BIVA and anthropometric assessment of youth water polo players

Published: 24 May 2024| Version 1 | DOI: 10.17632/8677by7j68.1
Sofia Serafini,


Twenty-four young water polo players (age: 13.30yrs ± 0.55), took part in the study. To be included, participants needed to have consistently trained over the past year and competed in the regional championship. Exclusion criteria included having no injuries or clinical conditions at the time of the study, not being on medication, and not following any special dietary plans (e.g., hypo- or hyper-caloric diets). Data were collected before and after a typical training session aiming to i) characterize young water polo players in terms of anthropometric and bioelectrical profile and according to the maturity offset and ii) provide information on hydration changes after training, using the bioelectrical impedance vector analysis. Dataset includes demographic details (such as years of practice, weekly training frequency and duration, and other sports previously or currently practiced), anthropometry (including basal measurements such as stature, body mass, and sitting height, girths, and skinfolds), bioelectrical values (such as raw resistance and reactance), and derived body composition (body mass index, waist to height ratio, fat mass) and maturity offset (peak height velocity, adult stature) values.


Steps to reproduce

A few days prior to the initial assessment, demographic details were gathered via a questionnaire. Participants were instructed to avoid caffeine, alcohol, and exercise the day before the bioelectrical impedance analysis (BIA. They were also advised to drink 3.0 liters of fluid within 24 hours (with 2.0 liters consumed between 6:00 p.m. and 10:00 p.m.) alongside their usual diet. No food or drink was permitted from 10:00 p.m. until the assessment the following morning. From 8:00 a.m. to 10:00 a.m., after monitoring their skin temperature, the players underwent anthropometric and BIA measurements after voiding, dressed in light clothing without metal components. Participants had a standardized breakfast consisting of a cheese and ham sandwich, a banana, and 400 mL of fruit juice. At 11:00 a.m., they engaged in a specific training session. Water intake was monitored and recorded throughout. After training, the athletes did not consume any fluids for at least one hour until the completion of further tests. One-hour post-training, after controlling skin temperatures, BIA and anthropometric measurements were repeated. Perceived exertion was measured using the Modified Borg RPE Scale after the training session. Basal measures were taken using a stadiometer with a balance (Seca 200, Seca, Hamburg, Germany). Circumferences were measured with a Cescorf anthropometric tape (Cescof, Porto Alegre, Brazil). Skinfold thickness was measured using a Holtain skinfold caliper (Holtain, Crosswell, UK). The percentage of fat mass (%FM) was determined using the Slaughter equation for pubertal boys. Maturity offset was estimated on the basis of the distance from peak height velocity (PHV) in years (YPHV), derived from stature, sitting height, age, and their interactions, according to Mirwald. Predicted adult height (PAH) and the percentage of PAH (%PAH) were estimated using the Sherar method. Bioimpedance analysis was conducted using a BIA 101 Anniversary AKERN device (Florence, Italy) with a 50 kHz (±1%) electric current. The device was calibrated before each use with a standard control circuit (resistance = 380 ohms; reactance = 45 ohms). Participants lay supine for a minimum of two minutes, with legs spread at a 45° angle and arms at a 30° angle from the trunk. Disposable electrodes with very low intrinsic impedance (<30 ohms) (BiatrodesTM Akern Srl; Florence, Italy) were placed on the right wrist and ankle. The assessment was performed on an isolated cot. Bioimpedance vector analysis was done using the BIVA method, normalizing R and Xc values by stature. The phase angle (PhA) was calculated as the arctangent of Xc/R×(180◦/π). Skin temperature was measured at the temple using a non-contact digital infrared thermometer (Mini Flash, TFA Dostmann GmbH & Co, Wertheim, Germany). Post-training exams were performed once temperatures were similar to pre-training values.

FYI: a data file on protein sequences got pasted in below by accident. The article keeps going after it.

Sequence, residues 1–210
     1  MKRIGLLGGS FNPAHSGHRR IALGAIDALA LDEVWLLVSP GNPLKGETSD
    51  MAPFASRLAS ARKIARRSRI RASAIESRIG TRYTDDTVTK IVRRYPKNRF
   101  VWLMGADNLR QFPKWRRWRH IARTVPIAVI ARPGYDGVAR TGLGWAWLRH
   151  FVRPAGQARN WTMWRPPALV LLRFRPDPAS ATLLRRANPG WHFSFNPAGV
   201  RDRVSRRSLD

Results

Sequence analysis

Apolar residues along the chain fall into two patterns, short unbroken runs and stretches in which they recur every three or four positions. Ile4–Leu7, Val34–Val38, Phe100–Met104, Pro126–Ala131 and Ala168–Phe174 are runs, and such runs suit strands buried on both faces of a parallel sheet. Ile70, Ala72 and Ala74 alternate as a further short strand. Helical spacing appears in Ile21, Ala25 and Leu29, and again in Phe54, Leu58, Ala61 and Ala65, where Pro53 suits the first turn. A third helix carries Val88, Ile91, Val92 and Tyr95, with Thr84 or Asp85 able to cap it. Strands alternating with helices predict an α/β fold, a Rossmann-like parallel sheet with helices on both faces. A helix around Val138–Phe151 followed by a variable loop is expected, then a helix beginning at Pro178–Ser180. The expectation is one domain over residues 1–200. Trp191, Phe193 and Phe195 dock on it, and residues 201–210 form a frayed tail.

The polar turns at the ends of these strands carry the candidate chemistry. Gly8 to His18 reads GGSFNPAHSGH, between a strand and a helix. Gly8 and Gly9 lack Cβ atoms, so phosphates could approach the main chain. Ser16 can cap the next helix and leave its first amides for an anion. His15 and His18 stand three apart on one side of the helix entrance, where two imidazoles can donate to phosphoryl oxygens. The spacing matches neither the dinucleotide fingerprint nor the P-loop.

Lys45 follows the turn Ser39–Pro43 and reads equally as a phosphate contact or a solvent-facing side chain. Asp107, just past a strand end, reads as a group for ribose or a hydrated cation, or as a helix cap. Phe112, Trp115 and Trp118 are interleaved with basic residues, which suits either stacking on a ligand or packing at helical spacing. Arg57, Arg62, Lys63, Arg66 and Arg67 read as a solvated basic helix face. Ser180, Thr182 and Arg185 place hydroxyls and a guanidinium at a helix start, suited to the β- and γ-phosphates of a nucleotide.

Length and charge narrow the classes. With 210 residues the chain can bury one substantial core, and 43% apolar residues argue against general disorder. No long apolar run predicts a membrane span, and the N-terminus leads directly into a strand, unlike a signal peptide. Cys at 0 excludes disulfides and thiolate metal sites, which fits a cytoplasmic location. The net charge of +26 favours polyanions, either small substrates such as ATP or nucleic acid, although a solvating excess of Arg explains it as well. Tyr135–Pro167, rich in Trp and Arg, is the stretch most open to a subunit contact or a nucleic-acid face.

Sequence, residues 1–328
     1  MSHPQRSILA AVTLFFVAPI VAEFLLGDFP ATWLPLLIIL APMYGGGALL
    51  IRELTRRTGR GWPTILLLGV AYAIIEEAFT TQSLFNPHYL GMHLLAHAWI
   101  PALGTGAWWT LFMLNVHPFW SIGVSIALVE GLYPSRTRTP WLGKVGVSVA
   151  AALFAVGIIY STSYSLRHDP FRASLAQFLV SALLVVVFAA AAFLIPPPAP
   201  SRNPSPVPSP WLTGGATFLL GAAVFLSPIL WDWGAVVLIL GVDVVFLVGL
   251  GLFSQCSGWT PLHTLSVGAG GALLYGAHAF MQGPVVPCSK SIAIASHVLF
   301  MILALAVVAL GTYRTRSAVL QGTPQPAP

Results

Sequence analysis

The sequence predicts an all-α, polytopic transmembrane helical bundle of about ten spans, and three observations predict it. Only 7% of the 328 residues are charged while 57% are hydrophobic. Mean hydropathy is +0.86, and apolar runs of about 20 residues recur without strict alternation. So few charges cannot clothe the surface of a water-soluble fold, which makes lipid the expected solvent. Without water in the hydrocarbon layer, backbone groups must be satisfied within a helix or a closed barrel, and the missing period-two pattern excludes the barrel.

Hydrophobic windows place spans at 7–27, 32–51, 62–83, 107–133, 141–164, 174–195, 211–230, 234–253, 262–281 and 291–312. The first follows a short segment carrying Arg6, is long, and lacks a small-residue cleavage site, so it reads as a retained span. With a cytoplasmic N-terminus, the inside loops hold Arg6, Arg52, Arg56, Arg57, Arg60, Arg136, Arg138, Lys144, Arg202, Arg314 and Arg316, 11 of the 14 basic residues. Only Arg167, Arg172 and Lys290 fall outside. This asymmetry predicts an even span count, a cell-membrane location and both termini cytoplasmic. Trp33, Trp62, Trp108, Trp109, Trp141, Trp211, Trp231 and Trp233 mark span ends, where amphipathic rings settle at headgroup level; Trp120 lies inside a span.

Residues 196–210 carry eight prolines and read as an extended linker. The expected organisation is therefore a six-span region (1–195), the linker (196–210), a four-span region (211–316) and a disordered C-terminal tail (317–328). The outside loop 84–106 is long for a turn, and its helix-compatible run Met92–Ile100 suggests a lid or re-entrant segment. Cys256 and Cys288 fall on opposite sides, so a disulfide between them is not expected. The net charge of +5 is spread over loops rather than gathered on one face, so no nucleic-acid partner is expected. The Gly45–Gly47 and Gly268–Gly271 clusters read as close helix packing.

Sport, Anthropometry, Youth, Electrical Impedance, Sport Training, Anthropometric Assessment, Hydration